True story. This weekend, just as Bloomberg’s widely circulated piece on the rise of “Spam Texts” is about to hit, I overhear this conversation at my local comic book shop.
“I had a first this week -- a spam ad on my phone,” one of a crowd of superhero enthusiasts said proudly. The crew commiserated, but most admitted they had yet to get an actual unsolicited SMS message. Most complained of voice channel solicitations.
And so it has gone with me and most of my friends these past years. The SMS channel in the U.S. has been relatively clean, thanks in no small part to the work of the Mobile Marketing Association and its collation of carriers, marketers and publishers. A number of years ago they issued some very strict double-op-in regimens for subscribing to anything via SMS that the carriers enforced on their content partners.
Everyone’s mileage varies, of course. My daughter complains that she has gotten text messages from a range of spammers all the time. But I couldn’t be sure how much of this was coming from services she had actually joined without understanding the full terms.
Regardless, according to Bloomberg’s industry analyst source, the U.S. suffered 4.5 billion spam messages last year, up 45%. The article recounts a weird technique for sending spam at no cost. The culprit simply uses a prepaid phone with unlimited texting and then uses speed and auto dialing technology to spray randomly generated numbers. In an age of third-party apps and much looser controls on the operating system itself, it is much easier for bad actors to access sensitive data.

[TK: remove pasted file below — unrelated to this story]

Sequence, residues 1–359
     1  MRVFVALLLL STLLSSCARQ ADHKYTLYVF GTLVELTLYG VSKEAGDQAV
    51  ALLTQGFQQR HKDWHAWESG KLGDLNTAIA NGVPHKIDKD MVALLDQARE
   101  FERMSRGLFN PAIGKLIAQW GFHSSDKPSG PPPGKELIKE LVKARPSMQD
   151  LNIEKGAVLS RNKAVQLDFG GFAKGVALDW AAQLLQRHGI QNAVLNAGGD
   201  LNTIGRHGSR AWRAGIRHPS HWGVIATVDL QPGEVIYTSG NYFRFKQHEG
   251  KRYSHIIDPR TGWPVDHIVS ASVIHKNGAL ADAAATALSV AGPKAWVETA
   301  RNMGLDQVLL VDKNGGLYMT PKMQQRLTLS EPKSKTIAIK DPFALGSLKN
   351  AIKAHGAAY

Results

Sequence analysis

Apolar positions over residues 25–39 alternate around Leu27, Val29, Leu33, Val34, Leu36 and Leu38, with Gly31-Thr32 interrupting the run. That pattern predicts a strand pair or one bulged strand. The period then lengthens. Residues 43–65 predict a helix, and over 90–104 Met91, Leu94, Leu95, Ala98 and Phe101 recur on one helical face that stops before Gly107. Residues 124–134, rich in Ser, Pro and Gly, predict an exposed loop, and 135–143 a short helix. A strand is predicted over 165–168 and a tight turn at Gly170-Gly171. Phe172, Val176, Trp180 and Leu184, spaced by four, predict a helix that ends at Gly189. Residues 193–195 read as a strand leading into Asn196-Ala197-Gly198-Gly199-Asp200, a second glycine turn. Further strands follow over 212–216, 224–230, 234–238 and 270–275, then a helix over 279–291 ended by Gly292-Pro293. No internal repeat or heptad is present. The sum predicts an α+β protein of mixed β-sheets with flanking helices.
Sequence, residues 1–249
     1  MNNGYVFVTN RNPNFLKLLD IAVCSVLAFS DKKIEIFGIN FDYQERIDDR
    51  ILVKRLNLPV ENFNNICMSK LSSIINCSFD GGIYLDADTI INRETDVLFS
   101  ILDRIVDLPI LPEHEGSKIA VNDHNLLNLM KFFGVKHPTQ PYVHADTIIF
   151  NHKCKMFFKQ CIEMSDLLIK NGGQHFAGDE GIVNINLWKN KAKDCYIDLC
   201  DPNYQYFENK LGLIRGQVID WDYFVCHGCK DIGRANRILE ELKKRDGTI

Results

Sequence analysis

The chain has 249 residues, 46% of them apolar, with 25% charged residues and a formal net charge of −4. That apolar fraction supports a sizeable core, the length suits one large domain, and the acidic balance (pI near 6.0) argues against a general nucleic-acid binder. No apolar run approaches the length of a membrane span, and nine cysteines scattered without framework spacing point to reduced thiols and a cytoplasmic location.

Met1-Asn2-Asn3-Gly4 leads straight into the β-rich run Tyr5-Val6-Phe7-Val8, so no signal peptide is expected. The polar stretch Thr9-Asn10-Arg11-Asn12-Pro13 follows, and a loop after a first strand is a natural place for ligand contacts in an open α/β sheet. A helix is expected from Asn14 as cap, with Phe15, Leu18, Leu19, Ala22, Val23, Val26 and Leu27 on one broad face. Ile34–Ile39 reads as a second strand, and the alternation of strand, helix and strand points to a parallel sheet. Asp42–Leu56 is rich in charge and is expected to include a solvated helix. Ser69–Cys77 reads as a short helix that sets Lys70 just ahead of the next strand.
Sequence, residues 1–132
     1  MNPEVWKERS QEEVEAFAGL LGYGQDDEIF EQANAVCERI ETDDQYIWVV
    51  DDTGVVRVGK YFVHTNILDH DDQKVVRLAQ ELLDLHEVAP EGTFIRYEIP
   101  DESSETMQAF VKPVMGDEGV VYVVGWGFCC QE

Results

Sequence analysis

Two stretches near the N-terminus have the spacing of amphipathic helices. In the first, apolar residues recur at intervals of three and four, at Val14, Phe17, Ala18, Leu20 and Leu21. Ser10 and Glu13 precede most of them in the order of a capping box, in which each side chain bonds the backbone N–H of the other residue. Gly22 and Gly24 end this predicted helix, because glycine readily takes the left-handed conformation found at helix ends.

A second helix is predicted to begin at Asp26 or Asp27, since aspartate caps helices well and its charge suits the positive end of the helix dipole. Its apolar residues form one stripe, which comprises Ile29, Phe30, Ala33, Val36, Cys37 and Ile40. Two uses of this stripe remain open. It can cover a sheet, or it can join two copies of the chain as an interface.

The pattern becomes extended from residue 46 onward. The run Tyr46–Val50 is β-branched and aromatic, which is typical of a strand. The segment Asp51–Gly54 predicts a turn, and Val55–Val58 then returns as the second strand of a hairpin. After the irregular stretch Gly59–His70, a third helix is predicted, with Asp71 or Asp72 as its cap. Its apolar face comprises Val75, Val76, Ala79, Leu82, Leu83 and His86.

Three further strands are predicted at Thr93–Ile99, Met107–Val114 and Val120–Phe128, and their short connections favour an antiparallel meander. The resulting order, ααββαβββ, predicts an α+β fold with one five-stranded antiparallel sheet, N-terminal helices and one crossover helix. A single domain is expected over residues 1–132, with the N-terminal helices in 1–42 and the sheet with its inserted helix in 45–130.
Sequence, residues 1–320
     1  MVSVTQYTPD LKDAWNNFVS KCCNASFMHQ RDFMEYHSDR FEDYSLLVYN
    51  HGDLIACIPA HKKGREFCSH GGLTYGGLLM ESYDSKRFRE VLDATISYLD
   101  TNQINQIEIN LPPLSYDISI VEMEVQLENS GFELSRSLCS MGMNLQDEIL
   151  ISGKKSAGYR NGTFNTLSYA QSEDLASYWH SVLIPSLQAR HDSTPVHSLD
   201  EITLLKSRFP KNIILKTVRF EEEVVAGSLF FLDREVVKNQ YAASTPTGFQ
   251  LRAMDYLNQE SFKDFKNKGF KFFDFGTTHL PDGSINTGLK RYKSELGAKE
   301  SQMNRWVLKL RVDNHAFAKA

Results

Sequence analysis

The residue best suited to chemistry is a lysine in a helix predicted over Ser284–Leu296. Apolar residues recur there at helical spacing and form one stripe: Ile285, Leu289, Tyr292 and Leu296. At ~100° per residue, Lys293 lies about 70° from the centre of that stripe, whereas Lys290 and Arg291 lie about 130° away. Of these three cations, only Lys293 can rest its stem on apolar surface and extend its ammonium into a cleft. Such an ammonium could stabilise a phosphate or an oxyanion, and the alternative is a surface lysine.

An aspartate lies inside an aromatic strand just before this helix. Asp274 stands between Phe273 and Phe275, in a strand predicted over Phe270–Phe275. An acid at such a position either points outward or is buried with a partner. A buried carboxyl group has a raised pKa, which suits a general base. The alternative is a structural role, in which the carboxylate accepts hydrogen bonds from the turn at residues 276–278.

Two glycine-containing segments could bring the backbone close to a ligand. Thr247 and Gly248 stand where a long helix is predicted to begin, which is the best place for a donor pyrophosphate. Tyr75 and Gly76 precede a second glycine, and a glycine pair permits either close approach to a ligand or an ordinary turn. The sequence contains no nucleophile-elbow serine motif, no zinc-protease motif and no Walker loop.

Whether or not select individuals like you or I are seeing this spam outbreak for ourselves, the CTIA wireless association apparently is taking notice and plans to unveil an anti-spam program later this year. Security software companies -- of course seeing a post-PC windfall -- are promising new modes of protection as well.
Alex Campbell, co-founder and CIO a Vibes Media, which has led many text campaigns in the last decade, agrees that spam SMS only annoys consumers and increases costs for carriers. It also makes all messaging less effective. “Spam messages do in fact cost carriers money. Every time someone calls the carrier to complain it costs them real dollars -- up to $12 a call.”
Is mobile text spam really a problem yet, and should mobile marketers be concerned? I am not clear where the 4.5 billion spam messages are coming from or going, but apparently Ferris Research is the one making the claim, cited in Bloomberg and earlier by The New York Times. This reporter asked the FTC, which says that the 2600 complaints filed with them about mobile text abuse in 2011 was about the same as in 2010.
Campbell adds that while billions of unwanted messages may sound like a big number, “it’s less than a quarter percent of all SMS traffic. Imagine if email were that good.”
So go figure. Is it a real problem or isn’t it?
Regardless, in this case perception is all. And this outbreak of report on text spam, if not an outbreak of SMS spam itself, does give publishers and marketers a chance to distinguish themselves by emphasizing to their SMS subscribers that their numbers are never shared in any way. There are a lot of ways in which mobile gives publishers and advertisers a do-over with digital. Instead of mealy-mouthing our way around privacy and data sharing, how about if we turn stewardship over our brand loyalists’ data a feature rather than a fear?